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Blue & Underlined Joined over 5 years ago
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As with meaningless (and extremely expensive) security badges, it may make the site seem more legit and authoritative. And it’s free.
You use big-brand names everyone recognizes, and associate your site with them. It’s rather desperate, but it builds trust and reassures the user it’s not a scam… because the icon says so.
I especially love how even some big sites out there use their own security badges and such adornments. A stock vector that says „100% secure“, that’s perfection.
Conversation with a client goes like this:
Client: “The homepage looks empty, could you add credit cards and cheques we accept, somewhere around… right here?”
You: “Don‘t all of your competitors accept credit cards? People except that, it’s a standard.”
You:“So… Visa, MasterCard, Diner’s Club, anything else?”
Thanks for getting me to have a second look.
Yes, that section 2 you mention starts on the 11th page, and I’ve posted the excerpt in the previous comment. It allows for commercial use in some cases.
There’s nothing specifically about non-commercial use.
There are only two occurrences of the word “non-commercial” in the entire document, and they are both about the website itself, not about the fonts. Seriously. :) The part about the fonts is the last one, called “END USER LICENCE AGREEMENT – DUBAI FONT”
The following is one of the occurences of the word “non-commercial”, the second one is pretty much the same thing:
“In consideration of you agreeing to abide by the terms of this Agreement, we grant to you a non-transferable, non-exclusive, royalty-free, revocable license in the United Arab Emirates to: (i) use this Website as herein set forth; (ii) copy and store this Website in your web browser cache memory; and (iii) print pages from this Website for your own personal and non-commercial use. You must not modify the paper or digital copies…”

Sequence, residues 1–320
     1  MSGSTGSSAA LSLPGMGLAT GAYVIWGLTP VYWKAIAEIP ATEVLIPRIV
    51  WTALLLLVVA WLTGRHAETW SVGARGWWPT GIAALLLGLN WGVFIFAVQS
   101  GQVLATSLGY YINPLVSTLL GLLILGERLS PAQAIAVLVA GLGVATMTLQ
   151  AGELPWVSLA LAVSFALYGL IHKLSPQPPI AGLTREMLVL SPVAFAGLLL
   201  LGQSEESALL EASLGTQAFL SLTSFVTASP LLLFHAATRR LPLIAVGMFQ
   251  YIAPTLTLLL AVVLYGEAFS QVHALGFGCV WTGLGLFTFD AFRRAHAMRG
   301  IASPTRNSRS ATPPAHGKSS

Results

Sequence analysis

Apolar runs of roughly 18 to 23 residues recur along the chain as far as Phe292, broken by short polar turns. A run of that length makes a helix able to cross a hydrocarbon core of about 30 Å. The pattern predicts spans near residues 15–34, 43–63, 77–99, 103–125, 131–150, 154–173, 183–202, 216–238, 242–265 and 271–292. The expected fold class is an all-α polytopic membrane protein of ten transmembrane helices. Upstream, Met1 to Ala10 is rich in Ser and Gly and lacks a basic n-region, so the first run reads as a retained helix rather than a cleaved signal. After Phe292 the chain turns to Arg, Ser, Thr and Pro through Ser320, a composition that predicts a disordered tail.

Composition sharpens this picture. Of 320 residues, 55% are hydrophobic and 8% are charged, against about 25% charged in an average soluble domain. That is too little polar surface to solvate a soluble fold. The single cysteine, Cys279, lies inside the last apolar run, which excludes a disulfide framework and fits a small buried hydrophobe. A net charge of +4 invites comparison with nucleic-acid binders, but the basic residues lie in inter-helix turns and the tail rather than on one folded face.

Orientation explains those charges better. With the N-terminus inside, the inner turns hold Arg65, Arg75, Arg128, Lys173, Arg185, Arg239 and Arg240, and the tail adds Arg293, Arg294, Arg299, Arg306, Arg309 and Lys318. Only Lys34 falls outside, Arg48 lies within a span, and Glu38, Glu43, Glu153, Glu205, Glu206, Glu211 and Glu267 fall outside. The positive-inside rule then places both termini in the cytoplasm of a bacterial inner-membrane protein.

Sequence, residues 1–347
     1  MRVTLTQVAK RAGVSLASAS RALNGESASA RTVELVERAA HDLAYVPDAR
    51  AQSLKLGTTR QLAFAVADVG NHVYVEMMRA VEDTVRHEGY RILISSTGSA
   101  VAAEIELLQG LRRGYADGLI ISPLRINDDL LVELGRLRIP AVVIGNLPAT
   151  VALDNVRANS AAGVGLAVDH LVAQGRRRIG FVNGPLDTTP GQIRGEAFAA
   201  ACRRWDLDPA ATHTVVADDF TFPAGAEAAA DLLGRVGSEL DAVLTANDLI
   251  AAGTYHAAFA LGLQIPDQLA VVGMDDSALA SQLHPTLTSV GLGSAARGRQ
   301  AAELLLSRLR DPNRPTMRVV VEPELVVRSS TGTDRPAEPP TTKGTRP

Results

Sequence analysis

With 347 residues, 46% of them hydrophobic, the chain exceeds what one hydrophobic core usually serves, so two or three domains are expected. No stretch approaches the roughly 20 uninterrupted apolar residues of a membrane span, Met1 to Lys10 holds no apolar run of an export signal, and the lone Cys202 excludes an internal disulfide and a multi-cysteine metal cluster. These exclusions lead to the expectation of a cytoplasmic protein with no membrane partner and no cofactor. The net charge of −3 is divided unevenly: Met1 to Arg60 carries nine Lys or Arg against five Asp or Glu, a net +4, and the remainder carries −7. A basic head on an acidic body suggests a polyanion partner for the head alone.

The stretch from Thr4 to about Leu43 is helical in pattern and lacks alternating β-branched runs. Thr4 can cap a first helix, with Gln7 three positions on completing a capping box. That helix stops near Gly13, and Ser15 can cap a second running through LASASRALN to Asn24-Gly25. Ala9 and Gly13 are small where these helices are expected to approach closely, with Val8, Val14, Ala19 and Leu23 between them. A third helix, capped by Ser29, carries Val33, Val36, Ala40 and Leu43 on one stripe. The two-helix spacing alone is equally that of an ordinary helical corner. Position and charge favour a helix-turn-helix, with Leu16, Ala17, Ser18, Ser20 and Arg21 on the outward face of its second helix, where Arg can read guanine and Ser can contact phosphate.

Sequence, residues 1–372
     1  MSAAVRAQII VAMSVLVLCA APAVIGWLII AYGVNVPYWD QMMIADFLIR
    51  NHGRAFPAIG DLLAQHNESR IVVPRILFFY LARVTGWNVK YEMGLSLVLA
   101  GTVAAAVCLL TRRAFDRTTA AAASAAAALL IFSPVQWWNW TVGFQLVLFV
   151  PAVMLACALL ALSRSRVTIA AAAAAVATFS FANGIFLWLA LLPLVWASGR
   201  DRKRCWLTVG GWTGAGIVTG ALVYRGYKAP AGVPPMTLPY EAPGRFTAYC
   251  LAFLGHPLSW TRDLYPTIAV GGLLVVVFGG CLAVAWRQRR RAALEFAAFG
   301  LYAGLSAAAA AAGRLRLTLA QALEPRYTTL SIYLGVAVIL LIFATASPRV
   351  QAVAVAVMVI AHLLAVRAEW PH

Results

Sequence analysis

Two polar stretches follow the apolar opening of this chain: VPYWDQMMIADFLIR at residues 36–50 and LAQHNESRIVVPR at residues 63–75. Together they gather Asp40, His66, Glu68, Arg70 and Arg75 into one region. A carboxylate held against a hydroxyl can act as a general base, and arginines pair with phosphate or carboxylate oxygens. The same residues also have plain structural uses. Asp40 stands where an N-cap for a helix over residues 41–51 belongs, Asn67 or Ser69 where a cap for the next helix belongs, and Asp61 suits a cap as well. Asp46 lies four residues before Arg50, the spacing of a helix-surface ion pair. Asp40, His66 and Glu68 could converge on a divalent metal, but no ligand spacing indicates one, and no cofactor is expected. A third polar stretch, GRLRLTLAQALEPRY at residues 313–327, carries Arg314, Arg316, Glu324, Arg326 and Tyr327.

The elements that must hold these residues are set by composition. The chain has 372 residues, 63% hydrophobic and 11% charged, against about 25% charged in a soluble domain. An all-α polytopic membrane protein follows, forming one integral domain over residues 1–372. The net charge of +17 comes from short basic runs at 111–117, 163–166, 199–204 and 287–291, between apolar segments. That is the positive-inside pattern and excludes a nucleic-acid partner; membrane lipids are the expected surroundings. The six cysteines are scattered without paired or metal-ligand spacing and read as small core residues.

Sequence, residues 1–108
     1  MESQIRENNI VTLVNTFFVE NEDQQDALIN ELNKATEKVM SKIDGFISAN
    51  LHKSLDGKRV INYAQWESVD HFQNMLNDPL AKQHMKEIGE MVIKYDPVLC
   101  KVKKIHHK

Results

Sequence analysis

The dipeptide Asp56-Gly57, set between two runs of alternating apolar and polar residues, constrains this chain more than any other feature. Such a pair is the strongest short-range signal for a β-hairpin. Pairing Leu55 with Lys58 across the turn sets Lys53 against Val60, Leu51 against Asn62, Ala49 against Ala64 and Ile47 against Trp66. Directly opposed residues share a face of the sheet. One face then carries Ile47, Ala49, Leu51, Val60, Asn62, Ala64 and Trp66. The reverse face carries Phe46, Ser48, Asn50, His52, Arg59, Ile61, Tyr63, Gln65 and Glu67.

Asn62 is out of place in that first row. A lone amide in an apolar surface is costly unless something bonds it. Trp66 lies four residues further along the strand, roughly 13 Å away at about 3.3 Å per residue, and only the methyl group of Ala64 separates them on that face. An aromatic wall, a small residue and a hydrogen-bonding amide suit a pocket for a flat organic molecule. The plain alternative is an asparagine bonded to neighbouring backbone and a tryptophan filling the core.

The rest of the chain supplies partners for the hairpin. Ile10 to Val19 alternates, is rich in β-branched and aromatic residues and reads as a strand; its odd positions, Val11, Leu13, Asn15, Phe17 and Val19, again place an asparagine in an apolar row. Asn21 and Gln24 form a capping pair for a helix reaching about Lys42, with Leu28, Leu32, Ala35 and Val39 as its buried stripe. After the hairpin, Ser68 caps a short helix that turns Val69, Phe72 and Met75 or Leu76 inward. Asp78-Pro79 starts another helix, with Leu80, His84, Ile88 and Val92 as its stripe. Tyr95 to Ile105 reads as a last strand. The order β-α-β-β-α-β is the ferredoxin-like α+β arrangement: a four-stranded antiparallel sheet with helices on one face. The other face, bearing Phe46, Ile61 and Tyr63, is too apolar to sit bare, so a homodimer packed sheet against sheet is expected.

The license mentions limited license is actually for their website, not for the “font software”.
The part that mentions “font software” starts on page 11 of this literary epic. (It’s funny, they clearly did a shoddy copy&paste job in that part. 24-A4-pages-long literary epic; fun read for lunch break. :D )
Anyone considering the font for a client would probably need to hire a lawyer to go through this. All this unnecessary legalese mumbo-jumbo will only deter people who considered using this “free” Monotype font.
Here are the relevant excerpts:
“("Digital Products" means websites, promotional or marketing content delivered via the Internet for display on Output Devices. A Digital Product includes banner ads and display advertisements shown on websites, advertisements in web applications and advertisements in Applications. A Digital Product does not include an Application;”